We habitually underestimate just how much chance and choice converge to make us who we are, as individuals and as cultures.

In the midsummer of 1620, the Mayflower set sail from England for America with 102 desperate optimists aboard seeking refuge from religious persecution in the New World, along with about thirty crew. By the time it dropped anchor at Cape Cod ten grueling weeks later, the inhospitable conditions of New England winter and the hostility of the local tribes forced the pilgrims to remain aboard for weeks in their ramshackle floating hostel. Tuberculosis, pneumonia, and scurvy soon broke out among this small nation, captive and malnourished. By the time spring arrived, nearly half of them were dead. When the survivors finally ventured ashore in March, they knew nothing about where to hunt, which plants were safe to eat, or how to slake their thirst with potable water.

That is when they met Tisquantum — also known as Squanto — and their fate took a propitious turn.

Tisquantum returning one of the pilgrims’ lost children. Art from the 1922 children’s book Good Stories for Great Birthdays.

Patrik Svensson tells the story in The Book of Eels (public library) — that wondrous journey into the science and myth of Earth’s most mysterious creature:

A member of the Patuxet tribe, [Tisquantum] had been captured by the English years earlier, taken to Spain, and sold as a slave, before managing to escape to England, where he learned the language. Eventually, he boarded a ship back to North America, only to find that his entire tribe had been wiped out by an epidemic probably brought by the English.

And yet, despite the fate he and his people had suffered in colonial hands, he saw the individuals beyond the group identity and came to the pilgrims’ rescue — something a Christian might call turning the other cheek, and a rationalist might simply call kindness. Svensson writes:

One of the first things he did was gift them an armful of eels. After their very first meeting, Tisquantum went down to the river, and “at night, he came home with as many eels as he could well lift in one hand, which our people were glad of,” noted one of the pilgrims in a diary later sent back to England. “They were fat & sweet, he trod them out with his feete, and so caught them with his hands without any other Instrument.” It was a gift from God in their hour of need, the salvation they had never stopped praying for.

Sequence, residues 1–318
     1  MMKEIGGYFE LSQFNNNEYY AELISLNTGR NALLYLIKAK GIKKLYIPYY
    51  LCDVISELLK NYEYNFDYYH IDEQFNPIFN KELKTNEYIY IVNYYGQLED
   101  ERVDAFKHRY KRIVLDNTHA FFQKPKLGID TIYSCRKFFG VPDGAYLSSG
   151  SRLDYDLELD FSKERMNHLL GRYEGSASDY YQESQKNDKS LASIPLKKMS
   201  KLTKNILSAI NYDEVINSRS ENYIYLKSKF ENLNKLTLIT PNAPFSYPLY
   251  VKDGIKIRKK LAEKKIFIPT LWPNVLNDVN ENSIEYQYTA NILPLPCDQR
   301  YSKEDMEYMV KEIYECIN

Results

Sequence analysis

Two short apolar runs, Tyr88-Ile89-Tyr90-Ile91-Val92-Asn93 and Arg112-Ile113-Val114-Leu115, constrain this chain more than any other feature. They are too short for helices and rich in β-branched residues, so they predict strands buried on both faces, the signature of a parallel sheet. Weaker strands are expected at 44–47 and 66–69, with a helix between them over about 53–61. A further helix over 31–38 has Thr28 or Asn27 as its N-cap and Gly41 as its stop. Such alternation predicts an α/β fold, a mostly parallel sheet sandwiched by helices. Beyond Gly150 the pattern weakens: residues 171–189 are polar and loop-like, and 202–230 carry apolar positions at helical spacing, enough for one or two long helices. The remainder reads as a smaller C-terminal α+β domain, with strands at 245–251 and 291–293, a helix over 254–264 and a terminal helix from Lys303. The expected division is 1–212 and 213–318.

Before long, Tisquantum had taught the pilgrims how to catch eels and where to find them. He also gave them corn and taught them how to cultivate it; he showed them where they could find wild vegetables and fruits and advised them on how and where to hunt. Not least, he helped them communicate with the local natives and was key to negotiating the peace agreement that was pivotal to the lost Englishmen’s future in America.

Art from the world’s first color encyclopedia of marine life (1719), partway between natural history and myth. (Available as a print, benefitting The Nature Conservancy.)

When the first anniversary of dropping anchor arrived in November 1621, the pilgrims made a holiday of it — the first original holiday of this seedling nation — and called it Thanksgiving: an expression of their gratitude for the generosity with which this new land had ultimately welcomed them, and for the lavish supply of fresh eel they had feasted on night after night.

With an eye to the myriad conspiracies of chance and choice, and to the silent biases that pock even the most grateful heart, Svensson reflects:

It would have made complete sense for the eel to have become an important figure in American mythology, a fat, shiny symbol of the promised land, the gift that sealed what was preordained. But that didn’t happen. Perhaps because the eel’s nature doesn’t lend itself well to solemn symbolism. Perhaps because it soon became associated with the simple eating habits of the poor rather than with feast days. Perhaps also because the gift had come from a native man.

For some reason, this gift from God to the early pilgrims has been all but erased from the grand narrative. The story of the colonization of North America is full of myths and legends, but the story of the eel isn’t one of them. On Thanksgiving, Americans eat turkey, not eel, and other animals — buffalo, eagles, horses — have been the ones to shoulder the symbolic weight of the patriotic narrative of the United States of America.

One of the most maddening facets of human nature is that, under the fetishism of self-reliance — itself a byproduct of the delusion of the separate self — we are always ambivalent about our saviors. Ungrudging gratitude may be one of the hardest moral triumphs for the human animal. In some parallel universe of possibility, there is sustainably fished eel on the Thanksgiving table and Tisquantum on a hundred-dollar bill.

But meanwhile, in this universe, we have the chance to tell an untold story over turkey.



Source link